The US trade balance improved in May, rising from -US$46.1bn to -US$43.1bn, the third month in a row that US export growth has outpaced imports. Since February, the US trade deficit has narrowed from a post-2008 low of -US$55bn, with most of the improvement, accounted for by a narrowing goods deficit.
However, the narrowing trade deficit over the past few months has mainly served to unwind the fairly rapid deterioration at the end of 2017. So the change appears partly related to seasonality: the US trade deficit tends to improve in the spring and widen in the second half of the year.
Another factor in the worsening deficit at the end of last year may have been the fairly swift increase in the price of oil in the second half of last year. Though the US imports less oil now than it used to, the increase in price would have inflated the import figures. When oil prices rose quickly that inflated US imports. As oil prices have stabilised around US$70-80 per barrel this spring, that pressure on the trade balance has lessened somewhat.
US monthly trade balance
Exports and imports have been accelerating over the past couple of years as both US and global growth has picked up. But that trend may be coming to an end, as world trade looks set to slow down, even before the negative effect of the Trump tariff.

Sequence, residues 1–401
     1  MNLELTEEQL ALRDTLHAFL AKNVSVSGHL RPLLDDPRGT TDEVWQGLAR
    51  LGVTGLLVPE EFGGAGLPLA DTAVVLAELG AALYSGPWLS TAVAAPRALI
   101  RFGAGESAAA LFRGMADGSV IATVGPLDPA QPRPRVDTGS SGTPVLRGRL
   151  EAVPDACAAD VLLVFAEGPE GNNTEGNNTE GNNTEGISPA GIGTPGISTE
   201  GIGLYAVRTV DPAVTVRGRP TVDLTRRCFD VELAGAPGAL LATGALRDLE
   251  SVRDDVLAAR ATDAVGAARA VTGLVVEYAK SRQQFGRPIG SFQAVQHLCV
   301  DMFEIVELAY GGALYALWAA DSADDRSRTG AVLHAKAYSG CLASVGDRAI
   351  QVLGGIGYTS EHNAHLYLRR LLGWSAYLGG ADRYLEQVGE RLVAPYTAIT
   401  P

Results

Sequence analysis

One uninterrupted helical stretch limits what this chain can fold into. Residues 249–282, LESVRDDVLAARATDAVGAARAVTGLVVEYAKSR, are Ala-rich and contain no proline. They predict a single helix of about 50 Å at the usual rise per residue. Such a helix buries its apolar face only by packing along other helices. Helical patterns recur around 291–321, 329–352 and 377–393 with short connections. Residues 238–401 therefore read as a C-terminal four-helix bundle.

US export and import growth
While the improvement in the US trade deficit coincides with the Trump administration’s aggressive trade policy, first initiated in early March, it is unlikely to have made much difference to the May figures. The only tariffs actually in place in May were on steel and aluminum. Those goods account for less than 5% of US trade, and most important trade partners (the EU, Canada, and Mexico) were exempt from steel and aluminum tariffs until early June.
The effect of the more extensive tariffs the US has imposed on China today is likely to be more substantial, though it is unlikely to be fully apparent until a couple of months’ time. And so far US tariffs have been matched by counter-tariffs from other countries, which makes the impact of the escalating trade wars on the US trade deficit hard to judge. Both imports and exports are likely to take a hit. Other macroeconomic factors, such as the relatively strong dollar and the expanding federal fiscal deficit suggests the US trade deficit is set to widen.